Chapter 13 bankruptcy is for individuals who have enough income to have a "Disposable Monthly Income" that they can pay to the trustee for a plan period (usually 5 years). The payments are received by the trustee and reallocated among the unsecured creditors according to their portion of the total unsecured debt. At the end of the plan period, assuming they have made all payments, any portion of the unsecured debt that is not paid off is discharged. Usually the debtor is not required to surrender any assets.
A debtor can be "forced" from Chapter 7 to Chapter 13 if his/her Means Test resulted in enough income that s/he had the "means" to repay some of the debt, and so should rightfully be required to do so by virtue of a Chapter 13 Plan.
The plan must be feasible. In other words, there must be a likelihood that the debtor can actually make the set monthly payments. It must also be in the "best interest of your creditors" - that is, you must pay all your Disposable Monthly Income to the Plan, and it must result in a payout to unsecured creditors that is no less than would have been paid to them if the debtor had liquidated under Chapter 7.
According to a recent appellate court interpretation, if your home's value is depreciated to the point that only your first mortgage is "secured", leaving junior mortgages completely "unsecured", it is possible to "strip" the junior mortgage and discharge it along with your other unsecured debt. You must complete the plan first though.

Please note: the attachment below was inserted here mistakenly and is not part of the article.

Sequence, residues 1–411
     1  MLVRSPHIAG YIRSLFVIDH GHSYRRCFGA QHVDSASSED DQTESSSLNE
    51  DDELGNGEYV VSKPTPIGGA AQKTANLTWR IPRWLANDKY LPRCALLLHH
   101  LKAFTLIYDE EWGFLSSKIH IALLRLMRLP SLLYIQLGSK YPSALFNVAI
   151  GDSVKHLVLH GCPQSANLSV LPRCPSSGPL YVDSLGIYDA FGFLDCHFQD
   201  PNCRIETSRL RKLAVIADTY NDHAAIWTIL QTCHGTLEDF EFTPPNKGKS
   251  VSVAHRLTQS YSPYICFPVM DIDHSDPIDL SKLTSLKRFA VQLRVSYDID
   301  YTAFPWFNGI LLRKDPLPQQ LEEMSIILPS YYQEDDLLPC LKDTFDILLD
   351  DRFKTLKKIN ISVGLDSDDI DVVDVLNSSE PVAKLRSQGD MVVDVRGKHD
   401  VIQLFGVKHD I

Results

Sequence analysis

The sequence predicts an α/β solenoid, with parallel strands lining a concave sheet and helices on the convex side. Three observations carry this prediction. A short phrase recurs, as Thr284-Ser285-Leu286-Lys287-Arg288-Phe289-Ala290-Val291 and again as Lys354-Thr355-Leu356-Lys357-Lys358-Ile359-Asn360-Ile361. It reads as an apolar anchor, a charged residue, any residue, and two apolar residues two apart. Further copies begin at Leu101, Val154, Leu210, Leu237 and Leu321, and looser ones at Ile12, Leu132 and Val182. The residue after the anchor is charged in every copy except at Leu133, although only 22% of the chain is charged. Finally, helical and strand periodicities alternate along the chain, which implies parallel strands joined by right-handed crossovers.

Chapter 13 is also known as the "wage earners" bankruptcy because it won't work unless you have income. It is the product that historically was used to save the home. To save the home you must be able to remain current on the monthly first mortgage payments. The arrears are repaid as part of the plan.
1. "Disposable Monthly Income" is a defined and calculated figure. Not all of your real monthly expenses count. You may find that the court thinks your DMI is considerably higher than you do. Your DMI thresholds are based on your household size. Who you can include in your "household" is not entirely resolved in Minnesota at this time, but generally you, your spouse and your dependent children are included.
2. Income is based on a 6-month average of income from any and all sources.
3. The plan payment is based upon your status at the time of filing. If by chance your income improves somewhat during the plan usually there is no increase in monthly payment. If your income drops you can bring a motion to modify the plan accordingly.
4. How much you pay the creditors over 5 years depends upon how small your debt load is and how high your DMI is. Your DMI doesn't change simply because you have less debt to put into the plan.